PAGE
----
connect to qm.apple
















Connect to qm.orange












We can see the local queue called q1 on the receiving queue manager (qm.apple)



On the qm.orange queue manager we can see the transmission queue called qm.orange.tq and the remote queue definition q1. This should visualise what we have been doing in the steps above.






We can also look at the listeners







Now we wil look at the queue in detail:

This is the q1 queue on the receiving queue manager, you can see it has a default usage of normal.




What we are going to do now is create a channel objects to allow the queue managers to talk to each other. We will need a channel object at each end of the channel one will be a sender object and one will be a receiver object.

runmqsc qm.orange
5724-H72 (C) Copyright IBM Corp. 1994, 2005. ALL RIGHTS RESERVED.
Starting MQSC for queue manager qm.orange.


define channel (qm.orange.qm.apple) chltype (sdr) conname ('192.168.0.60(30000)') xmitq (qm.orange.tq) trptype (tcp)
1 : define channel (qm.orange.qm.apple) chltype (sdr) conname ('192.168.0.60(30000)') xmitq (qm.orange.tq) trptype (tcp)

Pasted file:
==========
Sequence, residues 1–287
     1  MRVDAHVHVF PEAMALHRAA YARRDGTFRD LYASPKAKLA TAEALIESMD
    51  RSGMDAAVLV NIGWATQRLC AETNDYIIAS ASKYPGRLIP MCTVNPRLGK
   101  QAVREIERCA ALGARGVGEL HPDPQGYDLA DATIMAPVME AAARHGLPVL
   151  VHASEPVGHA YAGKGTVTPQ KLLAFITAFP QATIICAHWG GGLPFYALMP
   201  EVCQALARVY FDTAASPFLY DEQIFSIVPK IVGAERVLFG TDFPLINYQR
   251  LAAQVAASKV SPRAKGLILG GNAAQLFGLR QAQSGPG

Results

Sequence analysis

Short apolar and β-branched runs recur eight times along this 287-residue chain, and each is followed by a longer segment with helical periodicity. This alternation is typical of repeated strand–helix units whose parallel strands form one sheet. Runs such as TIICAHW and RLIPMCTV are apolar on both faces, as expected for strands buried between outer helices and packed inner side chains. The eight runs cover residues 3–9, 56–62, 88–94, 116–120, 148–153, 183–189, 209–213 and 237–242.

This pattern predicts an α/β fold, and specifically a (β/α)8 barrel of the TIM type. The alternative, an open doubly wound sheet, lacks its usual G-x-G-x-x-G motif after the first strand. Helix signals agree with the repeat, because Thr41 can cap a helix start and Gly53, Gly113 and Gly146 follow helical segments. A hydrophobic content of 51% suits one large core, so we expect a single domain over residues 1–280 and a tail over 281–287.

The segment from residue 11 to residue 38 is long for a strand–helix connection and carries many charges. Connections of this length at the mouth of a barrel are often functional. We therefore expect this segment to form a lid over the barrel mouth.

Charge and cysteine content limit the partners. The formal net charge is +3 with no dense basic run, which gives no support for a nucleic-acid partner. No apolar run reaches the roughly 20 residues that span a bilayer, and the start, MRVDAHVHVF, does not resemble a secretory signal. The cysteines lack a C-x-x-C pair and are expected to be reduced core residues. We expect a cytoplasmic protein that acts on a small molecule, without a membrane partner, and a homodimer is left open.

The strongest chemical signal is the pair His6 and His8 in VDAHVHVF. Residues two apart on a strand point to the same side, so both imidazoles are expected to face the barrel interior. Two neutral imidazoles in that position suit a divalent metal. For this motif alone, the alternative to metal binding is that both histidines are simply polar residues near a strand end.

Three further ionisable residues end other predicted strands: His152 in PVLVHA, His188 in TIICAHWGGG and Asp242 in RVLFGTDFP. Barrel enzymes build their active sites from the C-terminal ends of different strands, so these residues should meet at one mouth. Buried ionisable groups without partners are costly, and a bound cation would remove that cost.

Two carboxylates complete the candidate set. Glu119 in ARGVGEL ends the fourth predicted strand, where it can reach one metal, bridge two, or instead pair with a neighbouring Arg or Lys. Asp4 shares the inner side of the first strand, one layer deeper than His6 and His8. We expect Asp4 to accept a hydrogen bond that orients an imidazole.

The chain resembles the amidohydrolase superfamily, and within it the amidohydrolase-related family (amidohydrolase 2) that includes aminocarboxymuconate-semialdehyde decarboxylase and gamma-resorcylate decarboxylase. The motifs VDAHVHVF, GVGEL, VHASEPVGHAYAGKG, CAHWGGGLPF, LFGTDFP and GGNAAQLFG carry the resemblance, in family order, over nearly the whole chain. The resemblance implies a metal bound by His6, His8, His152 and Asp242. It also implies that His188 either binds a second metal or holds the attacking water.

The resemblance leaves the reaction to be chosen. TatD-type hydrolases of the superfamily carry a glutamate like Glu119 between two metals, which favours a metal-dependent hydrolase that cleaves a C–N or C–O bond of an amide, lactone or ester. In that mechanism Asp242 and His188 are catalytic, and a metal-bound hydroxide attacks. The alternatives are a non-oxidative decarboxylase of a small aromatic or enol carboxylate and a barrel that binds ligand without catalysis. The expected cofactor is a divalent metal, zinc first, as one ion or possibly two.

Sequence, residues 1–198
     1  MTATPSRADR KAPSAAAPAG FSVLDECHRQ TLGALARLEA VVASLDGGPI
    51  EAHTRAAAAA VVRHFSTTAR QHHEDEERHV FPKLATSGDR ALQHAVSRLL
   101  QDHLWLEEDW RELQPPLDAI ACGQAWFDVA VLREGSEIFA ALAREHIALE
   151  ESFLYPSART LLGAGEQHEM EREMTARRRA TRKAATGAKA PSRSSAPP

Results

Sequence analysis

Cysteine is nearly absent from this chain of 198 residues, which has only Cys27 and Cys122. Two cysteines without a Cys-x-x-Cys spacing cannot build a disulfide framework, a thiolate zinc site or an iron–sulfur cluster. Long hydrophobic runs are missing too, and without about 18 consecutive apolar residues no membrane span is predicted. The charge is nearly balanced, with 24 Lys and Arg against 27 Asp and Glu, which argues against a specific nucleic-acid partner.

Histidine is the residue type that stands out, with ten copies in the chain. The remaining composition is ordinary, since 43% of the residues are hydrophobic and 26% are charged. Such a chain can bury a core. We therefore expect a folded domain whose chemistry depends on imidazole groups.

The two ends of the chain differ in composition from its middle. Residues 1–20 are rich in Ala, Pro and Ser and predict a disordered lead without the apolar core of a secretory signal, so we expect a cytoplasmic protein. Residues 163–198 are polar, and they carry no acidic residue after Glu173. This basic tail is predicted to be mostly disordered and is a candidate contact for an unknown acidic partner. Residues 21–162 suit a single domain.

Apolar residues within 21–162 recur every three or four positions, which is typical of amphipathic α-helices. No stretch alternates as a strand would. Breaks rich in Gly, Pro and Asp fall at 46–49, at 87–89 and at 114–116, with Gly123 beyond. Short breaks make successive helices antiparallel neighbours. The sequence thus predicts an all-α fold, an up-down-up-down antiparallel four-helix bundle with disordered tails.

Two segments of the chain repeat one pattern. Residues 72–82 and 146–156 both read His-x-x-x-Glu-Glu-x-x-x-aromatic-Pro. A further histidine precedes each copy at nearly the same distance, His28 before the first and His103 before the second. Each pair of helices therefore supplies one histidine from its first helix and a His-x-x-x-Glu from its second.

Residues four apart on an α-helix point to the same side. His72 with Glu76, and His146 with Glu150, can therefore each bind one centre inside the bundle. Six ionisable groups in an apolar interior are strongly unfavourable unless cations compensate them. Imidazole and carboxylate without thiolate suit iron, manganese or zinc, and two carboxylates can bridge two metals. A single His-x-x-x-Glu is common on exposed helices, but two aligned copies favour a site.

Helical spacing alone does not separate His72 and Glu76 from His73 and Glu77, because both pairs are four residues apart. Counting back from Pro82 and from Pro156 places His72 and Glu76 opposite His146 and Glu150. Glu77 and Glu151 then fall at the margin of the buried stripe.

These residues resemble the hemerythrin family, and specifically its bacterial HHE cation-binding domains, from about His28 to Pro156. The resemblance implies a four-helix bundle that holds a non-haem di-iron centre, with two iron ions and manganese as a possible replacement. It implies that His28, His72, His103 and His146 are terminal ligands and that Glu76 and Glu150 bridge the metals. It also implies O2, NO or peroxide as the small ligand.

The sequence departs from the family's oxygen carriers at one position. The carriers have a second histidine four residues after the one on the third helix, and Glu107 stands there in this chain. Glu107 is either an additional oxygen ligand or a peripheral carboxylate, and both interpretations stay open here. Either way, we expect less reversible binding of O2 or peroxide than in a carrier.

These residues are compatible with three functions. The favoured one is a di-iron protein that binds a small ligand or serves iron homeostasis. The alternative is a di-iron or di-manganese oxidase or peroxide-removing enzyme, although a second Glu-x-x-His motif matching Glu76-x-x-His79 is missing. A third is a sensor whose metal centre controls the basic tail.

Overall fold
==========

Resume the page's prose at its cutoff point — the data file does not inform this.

AMQ8014: WebSphere MQ channel created.
end
2 : end
One MQSC command read.
No commands have a syntax error.
All valid MQSC commands were processed.


We can look in MQ explorer cand see our newly created sending channel object called qm.orange.qm.apple on qm.orange




What we need to do now is create a receiving channel object on qm.apple

runmqsc qm.apple
5724-H72 (C) Copyright IBM Corp. 1994, 2005. ALL RIGHTS RESERVED.
Starting MQSC for queue manager qm.apple.


define channel (qm.orange.qm.apple) chltype (RCVR) trptype (TCP)
1 : define channel (qm.orange.qm.apple) chltype (RCVR) trptype (TCP)
AMQ8014: WebSphere MQ channel created.
end
2 : end
One MQSC command read.
No commands have a syntax error.
All valid MQSC commands were processed.

We see ee this in MQ Explorer as shown below:




The idea is simple. MQ must always use a local queue to put a message. So we put a message on the remote queue definition and it transfers to the channel via the local transmission queue.